There is also the example of those honest teachers, medical workers, and civil servants who, on meagre wages, serve their communities with integrity and compassion, and there are countless others who selflessly undertake voluntary work at the service of the most needy. May God bless them abundantly! May their charity multiply! Angola knows that the time has come for Africa to be the Continent of Hope! All upright human conduct is hope in action. Our actions are never indifferent before God. Nor are they indifferent for the unfolding of history. Friends, armed with integrity, magnanimity and compassion, you can transform this continent, freeing your people from the scourges of greed, violence and unrest and leading them along the path marked with the principles indispensable to every modern civic democracy: respect and promotion of human rights, transparent governance, an independent judiciary, a free press, a civil service of integrity, a properly functioning network of schools and hospitals, and – most pressing – a determination born from the conversion of hearts to excise corruption once and for all.

Of course he asks them to resist Western imperialism in the form of destruction of the family:
Friends, I wish to say that my visit to Cameroon and to Angola has stirred within me that profound human delight at being among families. Indeed I think that those who come from other continents can learn afresh from Africa that “the family is the foundation on which the social edifice is built” (Ecclesia in Africa, 80). Yet the strains upon families, as we all know, are many indeed: anxiety and ignominy caused by poverty, unemployment, disease and displacement, to mention but a few. Particularly disturbing is the crushing yoke of discrimination that women and girls so often endure, not to mention the unspeakable practice of sexual violence and exploitation which causes such humiliation and trauma. I must also mention a further area of grave concern: the policies of those who, claiming to improve the “social edifice”, threaten its very foundations. How bitter the irony of those who promote abortion as a form of “maternal” healthcare! How disconcerting the claim that the termination of life is a matter of reproductive health (cf. Maputo Protocol, art. 14)!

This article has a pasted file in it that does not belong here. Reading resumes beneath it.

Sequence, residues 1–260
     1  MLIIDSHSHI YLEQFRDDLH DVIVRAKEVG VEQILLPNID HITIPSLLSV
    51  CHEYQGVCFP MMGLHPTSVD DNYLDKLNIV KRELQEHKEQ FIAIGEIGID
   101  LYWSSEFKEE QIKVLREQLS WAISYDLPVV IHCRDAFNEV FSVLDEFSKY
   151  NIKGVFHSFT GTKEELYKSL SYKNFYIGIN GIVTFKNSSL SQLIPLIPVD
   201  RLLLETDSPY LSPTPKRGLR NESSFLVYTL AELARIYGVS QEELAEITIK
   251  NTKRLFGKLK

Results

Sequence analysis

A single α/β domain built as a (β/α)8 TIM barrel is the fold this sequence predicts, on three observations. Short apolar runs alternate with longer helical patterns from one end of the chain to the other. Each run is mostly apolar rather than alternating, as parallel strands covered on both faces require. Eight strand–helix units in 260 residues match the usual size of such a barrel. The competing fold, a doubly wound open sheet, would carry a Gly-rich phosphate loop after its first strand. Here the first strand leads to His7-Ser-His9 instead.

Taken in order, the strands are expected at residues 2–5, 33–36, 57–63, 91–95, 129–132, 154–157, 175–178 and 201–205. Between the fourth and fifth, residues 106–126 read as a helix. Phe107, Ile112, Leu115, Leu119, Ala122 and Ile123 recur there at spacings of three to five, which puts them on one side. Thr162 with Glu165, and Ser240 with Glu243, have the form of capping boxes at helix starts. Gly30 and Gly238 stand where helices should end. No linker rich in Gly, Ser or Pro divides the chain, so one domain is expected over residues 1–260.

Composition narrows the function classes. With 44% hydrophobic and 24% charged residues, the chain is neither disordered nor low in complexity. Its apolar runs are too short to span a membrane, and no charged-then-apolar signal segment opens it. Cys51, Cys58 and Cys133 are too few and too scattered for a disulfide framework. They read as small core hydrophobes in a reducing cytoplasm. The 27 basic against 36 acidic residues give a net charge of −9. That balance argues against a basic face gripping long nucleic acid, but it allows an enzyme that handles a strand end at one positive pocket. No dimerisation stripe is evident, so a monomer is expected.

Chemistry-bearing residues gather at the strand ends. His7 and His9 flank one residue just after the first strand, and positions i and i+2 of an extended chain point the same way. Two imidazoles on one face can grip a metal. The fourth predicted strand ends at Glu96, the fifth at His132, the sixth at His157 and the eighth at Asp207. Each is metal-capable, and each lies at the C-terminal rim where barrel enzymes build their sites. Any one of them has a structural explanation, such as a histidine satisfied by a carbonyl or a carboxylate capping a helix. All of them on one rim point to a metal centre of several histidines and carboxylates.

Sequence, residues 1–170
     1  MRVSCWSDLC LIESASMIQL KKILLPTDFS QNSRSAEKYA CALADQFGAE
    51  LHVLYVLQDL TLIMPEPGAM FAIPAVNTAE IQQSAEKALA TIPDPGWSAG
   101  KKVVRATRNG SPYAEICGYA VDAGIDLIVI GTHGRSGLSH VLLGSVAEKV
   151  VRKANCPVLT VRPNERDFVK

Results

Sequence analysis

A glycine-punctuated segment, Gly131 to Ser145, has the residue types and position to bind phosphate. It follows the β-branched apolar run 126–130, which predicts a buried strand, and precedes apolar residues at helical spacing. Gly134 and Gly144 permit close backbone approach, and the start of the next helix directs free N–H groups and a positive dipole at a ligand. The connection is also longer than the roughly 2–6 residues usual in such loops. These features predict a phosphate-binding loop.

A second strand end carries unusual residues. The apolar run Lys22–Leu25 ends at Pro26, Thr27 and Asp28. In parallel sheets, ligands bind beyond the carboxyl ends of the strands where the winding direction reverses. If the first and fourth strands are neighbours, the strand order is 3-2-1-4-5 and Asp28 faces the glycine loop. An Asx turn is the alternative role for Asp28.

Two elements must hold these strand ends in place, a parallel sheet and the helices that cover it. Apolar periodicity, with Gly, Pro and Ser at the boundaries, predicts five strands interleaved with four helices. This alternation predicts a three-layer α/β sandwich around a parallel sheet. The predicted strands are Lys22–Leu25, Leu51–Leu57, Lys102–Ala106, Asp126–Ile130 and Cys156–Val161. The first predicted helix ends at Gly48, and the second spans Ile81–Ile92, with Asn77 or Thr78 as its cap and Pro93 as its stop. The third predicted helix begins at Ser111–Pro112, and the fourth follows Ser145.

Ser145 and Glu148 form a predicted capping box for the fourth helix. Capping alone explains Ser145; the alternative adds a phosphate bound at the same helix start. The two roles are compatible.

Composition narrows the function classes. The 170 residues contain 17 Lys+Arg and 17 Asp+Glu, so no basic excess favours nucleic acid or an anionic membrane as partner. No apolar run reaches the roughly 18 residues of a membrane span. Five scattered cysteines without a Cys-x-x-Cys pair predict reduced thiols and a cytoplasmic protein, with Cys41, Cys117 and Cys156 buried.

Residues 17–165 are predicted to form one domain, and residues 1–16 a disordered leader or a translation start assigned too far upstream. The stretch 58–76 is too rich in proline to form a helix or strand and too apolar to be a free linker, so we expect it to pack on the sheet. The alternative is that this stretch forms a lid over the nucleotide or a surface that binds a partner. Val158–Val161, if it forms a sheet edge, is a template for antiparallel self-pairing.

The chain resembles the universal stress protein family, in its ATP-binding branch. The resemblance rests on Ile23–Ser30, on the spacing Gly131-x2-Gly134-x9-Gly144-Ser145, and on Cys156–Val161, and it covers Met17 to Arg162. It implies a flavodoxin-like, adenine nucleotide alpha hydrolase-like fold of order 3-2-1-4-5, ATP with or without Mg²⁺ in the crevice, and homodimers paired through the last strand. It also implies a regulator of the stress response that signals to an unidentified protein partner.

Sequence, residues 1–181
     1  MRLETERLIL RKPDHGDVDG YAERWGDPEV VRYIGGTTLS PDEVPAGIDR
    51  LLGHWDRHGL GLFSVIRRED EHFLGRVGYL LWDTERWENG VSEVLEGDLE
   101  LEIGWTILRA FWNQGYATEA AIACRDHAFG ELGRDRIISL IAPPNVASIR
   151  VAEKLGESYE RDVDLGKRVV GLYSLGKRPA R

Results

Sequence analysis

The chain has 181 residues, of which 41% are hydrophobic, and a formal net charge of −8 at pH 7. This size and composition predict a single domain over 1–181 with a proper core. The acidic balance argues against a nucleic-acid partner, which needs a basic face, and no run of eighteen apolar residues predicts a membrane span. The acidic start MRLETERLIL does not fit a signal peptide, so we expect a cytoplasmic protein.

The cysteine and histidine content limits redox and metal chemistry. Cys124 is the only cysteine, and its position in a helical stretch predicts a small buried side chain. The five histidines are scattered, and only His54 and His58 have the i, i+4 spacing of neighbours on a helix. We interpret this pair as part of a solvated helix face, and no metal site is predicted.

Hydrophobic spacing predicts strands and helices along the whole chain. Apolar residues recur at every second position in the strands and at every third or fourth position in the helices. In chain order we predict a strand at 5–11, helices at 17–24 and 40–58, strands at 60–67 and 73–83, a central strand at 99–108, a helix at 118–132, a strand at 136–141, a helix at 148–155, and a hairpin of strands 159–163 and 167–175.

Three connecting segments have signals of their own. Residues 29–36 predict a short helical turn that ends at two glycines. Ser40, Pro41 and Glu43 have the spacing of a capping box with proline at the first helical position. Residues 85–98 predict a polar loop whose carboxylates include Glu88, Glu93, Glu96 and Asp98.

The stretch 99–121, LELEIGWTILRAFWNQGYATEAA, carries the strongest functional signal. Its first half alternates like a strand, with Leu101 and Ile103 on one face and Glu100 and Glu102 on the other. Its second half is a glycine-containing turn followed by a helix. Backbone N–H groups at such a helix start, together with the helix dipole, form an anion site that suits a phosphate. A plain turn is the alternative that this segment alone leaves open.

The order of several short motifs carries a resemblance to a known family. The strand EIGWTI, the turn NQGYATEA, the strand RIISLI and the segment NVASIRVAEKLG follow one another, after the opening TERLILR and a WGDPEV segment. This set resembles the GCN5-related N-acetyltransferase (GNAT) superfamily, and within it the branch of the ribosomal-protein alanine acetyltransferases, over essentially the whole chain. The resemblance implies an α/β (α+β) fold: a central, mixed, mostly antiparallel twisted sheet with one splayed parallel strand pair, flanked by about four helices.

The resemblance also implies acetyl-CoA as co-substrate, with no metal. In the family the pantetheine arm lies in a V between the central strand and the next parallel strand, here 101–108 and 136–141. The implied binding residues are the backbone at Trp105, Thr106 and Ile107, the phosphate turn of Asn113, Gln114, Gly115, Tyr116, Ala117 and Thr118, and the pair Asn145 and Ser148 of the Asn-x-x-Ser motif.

He addressed Angolan bishops, too, emphasizing the family once more (the family comes up in every African address), but the speech is also notable for its differences with the address to the bishops of Cameroon. Here he talks more about influencing culture.

He had a meeting with new movements (In Angola! Isn't that exciting? Who knew there were any?), and the topic was the promotion of women. It's a lovely address, defending woman on a continent where she's not very respected:
since the dignity of women is equal to that of men, no one today should doubt that women have "a full right to become actively involved in all areas of public life, and this right must be affirmed and guaranteed, also, where necessary, through appropriate legislation.
I thought this was an interesting remark, however:
a woman's personal sense of dignity is not primarily the result of juridically defined rights, but rather the direct consequence of the material and spiritual care she receives in the bosom of the family.
In other words, women are never going to find self-esteem in a culture where the family is in chaos, because our innate sense of our dignity is something bestowed by parents, and there are simply limits to what the law can do for you absent that platform. If the family is dysfunctional, God has to step into the gap, not government.

He celebrated mass for the movements, too. Here's the homily.

Then this wonderful address at a youth rally (this is the one where, horrifyingly, some folks were trampled in the excitement --the pope offered mass for them this morning) It made me cry. Go read it.

Tomorrow he comes home.

Other stuff did happen in the Catholic world this week, but as this is a lengthy post, I'm going to ignore it all for the time being.